It’s the middle of National Library Week 2011, so I thought I’d post how important libraries have been and are in my own life.
The first library in my life was my elementary school library. When I started in first grade there, I was already reading thanks to a mom who encouraged reading in her little word-sponge son. Even though the school library was perhaps twenty feet wide and seventy feet long, to a six-year old it looked huge. But by the time I was in third grade, I had finished reading just about every book in the school library, some of them more than once.
Fortuitous timing saw the opening of a brand new public library in our neighborhood the summer between fourth and fifth grades when the John F. Kennedy Library opened its doors in July of 1965. Until this time, I had consumed the previously mentioned school library books, any and all books my mom would buy for me or let me buy (including comic books, a subscription to the Time-Life Science and Nature Library, Encyclopedia Brittanica and paperback novels from the local drugstore) as well as books on my mom’s own bookshelf (my dad, having left school after the eighth grade, was not much of a reader, comparatively speaking). But I had not yet been in a public library for, I think, two reasons. The first was that there was no public library in our area of town, at least that I can recall, and I believe that was why the new library was opened so close to us, so that there would be a library to serve that area’s citizens. The second was that, at that time, the library required you to be ten years old to have a library card. I turned ten just before the library opened.
If I remember correctly, my mom took me to the brand new library on a Saturday morning. What I DO remember, without any doubt, is the feelings that coursed through my heart and mind when we stepped into that two-story building for the first time. It was as if someone had created a place just for me! A place full of books! Books of all kinds! Two full floors in a building the size of half a city block and full of books!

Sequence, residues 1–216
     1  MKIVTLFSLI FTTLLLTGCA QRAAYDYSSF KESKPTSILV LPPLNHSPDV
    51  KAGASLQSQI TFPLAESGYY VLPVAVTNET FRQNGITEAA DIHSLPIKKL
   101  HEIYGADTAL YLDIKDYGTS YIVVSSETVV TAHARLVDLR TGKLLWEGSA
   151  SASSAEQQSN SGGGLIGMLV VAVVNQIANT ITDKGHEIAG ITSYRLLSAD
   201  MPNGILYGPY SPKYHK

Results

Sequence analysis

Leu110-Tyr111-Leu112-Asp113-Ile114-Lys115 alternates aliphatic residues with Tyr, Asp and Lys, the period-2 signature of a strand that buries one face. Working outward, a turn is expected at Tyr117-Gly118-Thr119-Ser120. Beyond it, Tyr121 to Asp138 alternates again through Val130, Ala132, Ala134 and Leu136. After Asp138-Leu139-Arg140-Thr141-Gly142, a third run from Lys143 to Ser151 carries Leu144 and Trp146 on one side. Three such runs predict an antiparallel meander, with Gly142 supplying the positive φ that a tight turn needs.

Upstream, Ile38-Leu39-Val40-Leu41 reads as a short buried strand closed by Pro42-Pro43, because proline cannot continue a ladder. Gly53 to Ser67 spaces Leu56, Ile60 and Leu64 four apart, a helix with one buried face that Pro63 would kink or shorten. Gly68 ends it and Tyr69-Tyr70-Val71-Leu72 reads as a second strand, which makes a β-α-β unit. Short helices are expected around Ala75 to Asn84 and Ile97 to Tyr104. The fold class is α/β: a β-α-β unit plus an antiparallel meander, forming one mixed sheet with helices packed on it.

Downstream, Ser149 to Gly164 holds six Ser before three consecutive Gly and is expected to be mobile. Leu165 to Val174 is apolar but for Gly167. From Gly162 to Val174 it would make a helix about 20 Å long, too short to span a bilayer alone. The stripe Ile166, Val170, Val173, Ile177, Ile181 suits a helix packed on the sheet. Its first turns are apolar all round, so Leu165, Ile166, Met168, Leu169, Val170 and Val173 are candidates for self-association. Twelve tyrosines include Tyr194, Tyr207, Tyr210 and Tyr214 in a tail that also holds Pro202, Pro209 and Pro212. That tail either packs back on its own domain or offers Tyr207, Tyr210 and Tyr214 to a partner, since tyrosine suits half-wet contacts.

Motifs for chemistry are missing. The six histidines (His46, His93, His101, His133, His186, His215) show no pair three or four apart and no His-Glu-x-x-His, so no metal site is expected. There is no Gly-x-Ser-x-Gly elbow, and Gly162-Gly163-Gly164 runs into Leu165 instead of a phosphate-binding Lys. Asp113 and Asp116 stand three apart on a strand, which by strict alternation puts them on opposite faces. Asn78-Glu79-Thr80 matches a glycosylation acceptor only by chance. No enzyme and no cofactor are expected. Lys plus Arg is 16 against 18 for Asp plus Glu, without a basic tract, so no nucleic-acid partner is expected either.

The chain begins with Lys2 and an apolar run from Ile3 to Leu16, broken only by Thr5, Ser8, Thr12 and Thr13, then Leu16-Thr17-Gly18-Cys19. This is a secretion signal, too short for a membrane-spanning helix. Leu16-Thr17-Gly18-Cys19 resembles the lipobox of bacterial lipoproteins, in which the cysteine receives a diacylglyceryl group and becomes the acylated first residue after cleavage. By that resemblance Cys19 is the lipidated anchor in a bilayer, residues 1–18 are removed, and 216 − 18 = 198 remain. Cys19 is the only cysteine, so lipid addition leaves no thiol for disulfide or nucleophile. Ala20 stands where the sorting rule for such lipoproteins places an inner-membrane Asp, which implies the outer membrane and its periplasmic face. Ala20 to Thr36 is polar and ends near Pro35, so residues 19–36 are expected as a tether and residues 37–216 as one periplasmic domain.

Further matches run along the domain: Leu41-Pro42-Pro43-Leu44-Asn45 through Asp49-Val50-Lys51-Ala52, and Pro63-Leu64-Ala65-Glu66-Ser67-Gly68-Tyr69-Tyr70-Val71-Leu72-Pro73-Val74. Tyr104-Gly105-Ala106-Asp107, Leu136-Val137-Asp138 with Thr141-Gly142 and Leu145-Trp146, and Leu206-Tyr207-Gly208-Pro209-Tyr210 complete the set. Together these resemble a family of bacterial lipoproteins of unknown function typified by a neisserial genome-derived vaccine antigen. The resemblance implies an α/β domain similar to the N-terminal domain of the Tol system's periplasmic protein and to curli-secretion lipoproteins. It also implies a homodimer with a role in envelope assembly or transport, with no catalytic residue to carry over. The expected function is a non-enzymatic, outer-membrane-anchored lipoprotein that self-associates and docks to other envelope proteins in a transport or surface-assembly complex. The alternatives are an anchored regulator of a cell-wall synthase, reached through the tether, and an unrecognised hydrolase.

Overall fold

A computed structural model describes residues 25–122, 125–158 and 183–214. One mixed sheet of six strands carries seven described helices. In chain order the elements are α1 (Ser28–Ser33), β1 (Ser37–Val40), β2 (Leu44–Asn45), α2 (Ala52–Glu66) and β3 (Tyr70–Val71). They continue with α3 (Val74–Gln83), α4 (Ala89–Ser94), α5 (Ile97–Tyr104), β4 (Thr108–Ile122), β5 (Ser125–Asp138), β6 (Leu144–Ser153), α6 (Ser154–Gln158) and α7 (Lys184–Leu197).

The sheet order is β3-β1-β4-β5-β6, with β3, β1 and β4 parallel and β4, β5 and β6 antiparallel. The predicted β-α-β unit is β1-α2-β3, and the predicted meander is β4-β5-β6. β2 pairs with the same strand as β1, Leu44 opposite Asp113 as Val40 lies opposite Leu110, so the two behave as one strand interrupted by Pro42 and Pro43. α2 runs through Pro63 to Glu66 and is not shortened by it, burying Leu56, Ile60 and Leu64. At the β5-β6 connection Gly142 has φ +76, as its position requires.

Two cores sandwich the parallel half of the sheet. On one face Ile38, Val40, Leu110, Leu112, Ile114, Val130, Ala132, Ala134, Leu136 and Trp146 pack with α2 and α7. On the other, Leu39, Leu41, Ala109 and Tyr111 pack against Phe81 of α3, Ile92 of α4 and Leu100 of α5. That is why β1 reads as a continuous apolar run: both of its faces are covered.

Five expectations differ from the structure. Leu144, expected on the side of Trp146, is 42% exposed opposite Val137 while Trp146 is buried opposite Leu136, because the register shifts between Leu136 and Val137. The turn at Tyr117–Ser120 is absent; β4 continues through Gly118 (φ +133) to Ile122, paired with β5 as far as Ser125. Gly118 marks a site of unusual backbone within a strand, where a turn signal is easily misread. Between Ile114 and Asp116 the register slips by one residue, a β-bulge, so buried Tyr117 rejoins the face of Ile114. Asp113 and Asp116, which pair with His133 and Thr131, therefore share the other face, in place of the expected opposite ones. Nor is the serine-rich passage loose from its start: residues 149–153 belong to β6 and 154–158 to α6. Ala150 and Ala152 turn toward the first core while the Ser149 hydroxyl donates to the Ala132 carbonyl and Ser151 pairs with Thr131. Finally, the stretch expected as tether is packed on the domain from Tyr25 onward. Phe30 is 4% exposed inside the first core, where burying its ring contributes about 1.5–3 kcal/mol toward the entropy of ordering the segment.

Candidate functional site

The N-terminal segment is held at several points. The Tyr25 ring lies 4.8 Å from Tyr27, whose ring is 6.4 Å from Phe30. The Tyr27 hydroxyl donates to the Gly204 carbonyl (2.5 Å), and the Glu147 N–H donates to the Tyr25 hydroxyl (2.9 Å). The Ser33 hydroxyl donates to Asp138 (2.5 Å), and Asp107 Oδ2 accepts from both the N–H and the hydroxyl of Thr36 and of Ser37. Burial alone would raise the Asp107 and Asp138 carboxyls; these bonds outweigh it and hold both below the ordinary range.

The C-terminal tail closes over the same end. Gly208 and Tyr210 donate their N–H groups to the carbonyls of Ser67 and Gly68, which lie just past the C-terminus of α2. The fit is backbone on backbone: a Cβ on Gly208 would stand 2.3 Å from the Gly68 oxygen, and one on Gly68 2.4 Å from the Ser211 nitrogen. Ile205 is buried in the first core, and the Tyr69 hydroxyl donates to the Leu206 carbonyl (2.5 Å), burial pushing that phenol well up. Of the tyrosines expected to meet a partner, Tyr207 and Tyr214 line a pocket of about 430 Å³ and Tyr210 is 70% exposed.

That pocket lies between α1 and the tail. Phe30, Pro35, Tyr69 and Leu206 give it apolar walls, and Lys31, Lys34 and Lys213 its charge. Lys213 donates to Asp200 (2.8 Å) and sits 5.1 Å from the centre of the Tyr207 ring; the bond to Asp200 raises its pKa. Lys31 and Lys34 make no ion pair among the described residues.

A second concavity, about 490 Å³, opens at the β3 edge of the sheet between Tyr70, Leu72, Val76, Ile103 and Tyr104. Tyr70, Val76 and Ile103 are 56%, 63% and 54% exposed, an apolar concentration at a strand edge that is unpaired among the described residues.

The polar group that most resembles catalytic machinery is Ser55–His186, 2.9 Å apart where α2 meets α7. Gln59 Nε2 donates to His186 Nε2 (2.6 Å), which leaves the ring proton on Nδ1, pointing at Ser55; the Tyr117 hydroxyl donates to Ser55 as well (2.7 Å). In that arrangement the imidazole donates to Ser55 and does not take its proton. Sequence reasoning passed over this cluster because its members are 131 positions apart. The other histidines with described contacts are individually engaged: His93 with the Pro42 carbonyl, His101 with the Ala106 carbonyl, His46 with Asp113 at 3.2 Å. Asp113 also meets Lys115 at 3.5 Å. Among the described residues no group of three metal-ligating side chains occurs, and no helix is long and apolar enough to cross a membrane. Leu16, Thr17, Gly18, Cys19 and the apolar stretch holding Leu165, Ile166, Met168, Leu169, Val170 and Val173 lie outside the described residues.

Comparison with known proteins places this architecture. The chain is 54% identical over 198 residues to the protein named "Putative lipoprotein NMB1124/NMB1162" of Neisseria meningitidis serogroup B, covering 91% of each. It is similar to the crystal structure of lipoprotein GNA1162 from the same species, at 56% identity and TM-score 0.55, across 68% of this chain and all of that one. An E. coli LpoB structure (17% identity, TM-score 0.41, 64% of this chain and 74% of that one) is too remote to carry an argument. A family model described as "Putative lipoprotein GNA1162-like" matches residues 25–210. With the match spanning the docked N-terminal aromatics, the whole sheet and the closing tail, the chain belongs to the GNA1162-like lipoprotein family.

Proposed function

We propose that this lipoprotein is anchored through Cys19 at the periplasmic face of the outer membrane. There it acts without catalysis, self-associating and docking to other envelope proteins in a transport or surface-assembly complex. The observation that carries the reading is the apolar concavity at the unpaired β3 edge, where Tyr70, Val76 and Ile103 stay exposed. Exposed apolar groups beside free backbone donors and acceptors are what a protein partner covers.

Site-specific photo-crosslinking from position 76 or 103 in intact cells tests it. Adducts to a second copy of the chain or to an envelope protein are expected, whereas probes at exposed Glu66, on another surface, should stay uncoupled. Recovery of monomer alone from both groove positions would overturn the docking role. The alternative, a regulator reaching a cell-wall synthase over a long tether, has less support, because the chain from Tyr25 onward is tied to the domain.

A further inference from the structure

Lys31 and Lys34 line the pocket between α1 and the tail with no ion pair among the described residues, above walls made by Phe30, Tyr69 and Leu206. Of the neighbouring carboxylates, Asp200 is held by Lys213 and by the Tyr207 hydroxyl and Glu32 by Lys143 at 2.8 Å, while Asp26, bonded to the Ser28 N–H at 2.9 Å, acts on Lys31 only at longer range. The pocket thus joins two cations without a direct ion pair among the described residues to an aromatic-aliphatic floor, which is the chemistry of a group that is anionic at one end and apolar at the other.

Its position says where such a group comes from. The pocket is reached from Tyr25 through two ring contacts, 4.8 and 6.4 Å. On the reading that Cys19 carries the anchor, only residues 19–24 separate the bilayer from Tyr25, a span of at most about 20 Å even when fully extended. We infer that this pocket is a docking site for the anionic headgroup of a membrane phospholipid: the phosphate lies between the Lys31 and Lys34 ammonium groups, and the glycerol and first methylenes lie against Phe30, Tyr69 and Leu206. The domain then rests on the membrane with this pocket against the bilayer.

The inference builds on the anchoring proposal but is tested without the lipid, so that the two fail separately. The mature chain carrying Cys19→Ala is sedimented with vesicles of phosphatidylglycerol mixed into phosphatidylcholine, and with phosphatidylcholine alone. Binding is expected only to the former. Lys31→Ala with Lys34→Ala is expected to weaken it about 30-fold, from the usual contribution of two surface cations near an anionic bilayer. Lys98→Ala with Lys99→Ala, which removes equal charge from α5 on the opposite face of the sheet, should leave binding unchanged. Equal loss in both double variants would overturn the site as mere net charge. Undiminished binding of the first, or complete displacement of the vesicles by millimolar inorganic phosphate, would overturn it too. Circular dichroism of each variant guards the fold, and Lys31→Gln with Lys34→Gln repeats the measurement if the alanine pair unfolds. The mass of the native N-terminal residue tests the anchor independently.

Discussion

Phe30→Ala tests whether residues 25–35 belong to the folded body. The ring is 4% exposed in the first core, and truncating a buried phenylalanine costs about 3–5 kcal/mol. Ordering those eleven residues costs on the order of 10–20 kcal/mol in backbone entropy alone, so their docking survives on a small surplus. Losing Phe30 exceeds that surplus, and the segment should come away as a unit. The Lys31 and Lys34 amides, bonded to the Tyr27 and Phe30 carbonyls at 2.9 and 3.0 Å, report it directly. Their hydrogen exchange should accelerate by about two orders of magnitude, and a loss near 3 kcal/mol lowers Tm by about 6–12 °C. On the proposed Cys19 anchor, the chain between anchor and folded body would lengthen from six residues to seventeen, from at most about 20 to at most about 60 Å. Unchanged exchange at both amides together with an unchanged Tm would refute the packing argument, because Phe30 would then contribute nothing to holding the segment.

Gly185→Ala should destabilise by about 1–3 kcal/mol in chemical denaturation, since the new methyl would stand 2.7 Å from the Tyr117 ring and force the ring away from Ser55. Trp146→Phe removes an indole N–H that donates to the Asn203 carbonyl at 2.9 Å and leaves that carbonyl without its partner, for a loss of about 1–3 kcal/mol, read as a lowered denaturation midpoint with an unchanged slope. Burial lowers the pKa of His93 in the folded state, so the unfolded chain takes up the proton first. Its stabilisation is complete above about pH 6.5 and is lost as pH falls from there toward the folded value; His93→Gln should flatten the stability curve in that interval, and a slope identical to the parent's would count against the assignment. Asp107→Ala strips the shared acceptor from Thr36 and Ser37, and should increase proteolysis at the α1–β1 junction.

Those books represented worlds, places, people and times that I could explore or escape to as I was reading them. They represented entertainment and education. They represented the opportunity to expand my mind through the words of others, and they represented ideas, beliefs and feelings that I could examine, investigate and absorb or discard as I determined,
They had a children’s section that held twice as many books as my school library, and that section was only a small corner portion of the entire building. The best part, though, was that with my mom’s signature on my library card, I could check out books from EVERY section of the library (with the exception, of course, of the reference section where books were not typically allowed to leave the building), which opened vast vistas for exploration that my school library could not offer, since its borders stopped at a sixth-grade level.
Through the 45 years since that first visit, I have held library cards in every community in which I have resided and have continuously taken advantage of the opportunities their contents and services offered. This week I’ll be visiting the public library in my new community, as I have already done several times since we arrived here almost a year ago. I hope you will visit yours as well.
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